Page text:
In G4 (Fig. 13 top row) warm SST in late June in the Gulf of Guinea (‘GoG’) causes a local reduction of MSLP and consequently a reduction in the north-south pressure gradient between the ocean and the land (see the mean state in Fig. 7, top panel). Furthermore, there is a shift in the center of the Saharan heat low to the north-east (cf. Fig. 7 top panel). Over the GoG the pressure change drives anomalous low-level moisture transport towards the coast (strongest from the ocean side) which sees an increase in rainfall. The changes in the Saharan heat low cause a weakening of the westerly moisture transport between 10 and 20N from the Atlantic and cause a reduction of rainfall over the Sahel. In the first half of July the pressure anomaly over the GoG has largely subsided (although, interestingly, the warm SST anomaly is still present there). In the Sahel the warm surface air temperature anomaly has increased and there is a large negative pressure anomaly here. The now increased pressure difference between the GoG and the Sahel reinstates the northward moisture transport to the Sahel from the GoG. Westerly moisture transport from the Atlantic between 10 and 15N is still weakened. The rainfall anomalies in early July reflect this, with reduced deficit in the east but sustained deficit in the west. In the second half of July (not shown) most anomalies over land have disappeared.

In ERAI (Fig. 13 bottom row) in late June there is a warm SST anomaly in the GoG associated with a late onset, but no sign of related MSLP change here. Instead, we note a large positive pressure anomaly over the central and eastern Sahara (Algeria, Libya and Egypt), with signs of a cold anomaly at the surface. This reduces the north-south pressure difference between the land and the ocean, reducing the low-level moisture transport from the GoG into the central Sahel. The increased low-level moisture convergence near the GoG causes increased rainfall there. In the Sahel there is little change in rainfall, apart from a region over Niger. In early July the pressure anomaly over the Sahara has disappeared. There are still rainfall anomalies over the coast and eastern Sahel/Sudan region but the regression of onset date onto SST shows a weakened signal over the GoG.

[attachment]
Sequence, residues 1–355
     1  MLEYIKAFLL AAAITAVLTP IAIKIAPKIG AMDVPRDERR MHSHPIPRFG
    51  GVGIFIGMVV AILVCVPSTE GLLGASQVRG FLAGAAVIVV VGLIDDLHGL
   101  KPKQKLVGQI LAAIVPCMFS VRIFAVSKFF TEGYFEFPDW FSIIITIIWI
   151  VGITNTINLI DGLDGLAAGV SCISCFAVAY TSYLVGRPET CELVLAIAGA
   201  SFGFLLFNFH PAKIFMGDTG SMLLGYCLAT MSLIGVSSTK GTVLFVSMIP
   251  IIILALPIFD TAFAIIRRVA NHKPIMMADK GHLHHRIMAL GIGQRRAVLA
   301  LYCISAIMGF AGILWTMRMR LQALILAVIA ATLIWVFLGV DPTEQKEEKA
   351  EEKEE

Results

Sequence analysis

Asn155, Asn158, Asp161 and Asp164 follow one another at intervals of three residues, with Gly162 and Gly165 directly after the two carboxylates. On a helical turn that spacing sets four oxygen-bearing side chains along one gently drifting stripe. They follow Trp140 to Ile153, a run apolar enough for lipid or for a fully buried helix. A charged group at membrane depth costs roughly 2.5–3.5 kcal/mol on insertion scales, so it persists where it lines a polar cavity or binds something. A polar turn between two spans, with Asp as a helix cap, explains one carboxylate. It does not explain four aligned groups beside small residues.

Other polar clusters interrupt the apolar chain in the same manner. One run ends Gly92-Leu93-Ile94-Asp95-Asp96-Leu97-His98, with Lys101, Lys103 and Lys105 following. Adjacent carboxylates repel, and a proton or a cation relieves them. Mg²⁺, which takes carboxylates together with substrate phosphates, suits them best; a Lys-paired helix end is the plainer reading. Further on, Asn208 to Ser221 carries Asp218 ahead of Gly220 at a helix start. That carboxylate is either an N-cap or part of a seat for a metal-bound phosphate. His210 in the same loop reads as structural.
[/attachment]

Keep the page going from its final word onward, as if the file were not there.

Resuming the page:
To verify these relations in observations we again use the HadISD station data and the GPCP-derived onset date. Regressions from the station data onto the onset date are shown in Fig. 14 (details in Appendix 2). It confirms the presence of negative MSLP and warm air temperature anomalies in the Sahel and near the GoG coast in both periods, similar to G4 but with a smaller amplitude. As before, there are insufficient observations in the southern Sahara (15–25N). In the northern Sahara the observations in late June show no significant MSLP signal like ERAI does. The observations do show a positive MSLP anomaly north of 30N in early July by which time the MSLP anomaly has disappeared in the ERAI reanalyses.
Fig. 14

Regression of observed MSLP (top row, in 10−2 hPa/day) and 1.5 m temperature (bottom row in 10−2 °C/day) HadISD station data onto GPCP-derived onset date for the periods 15–29 June (left column) and 30 June–14 July (right column) during the years 1979–2009. Values significantly different from zero (at the 90 % level) are shown by filled symbols, non-significant values by open symbols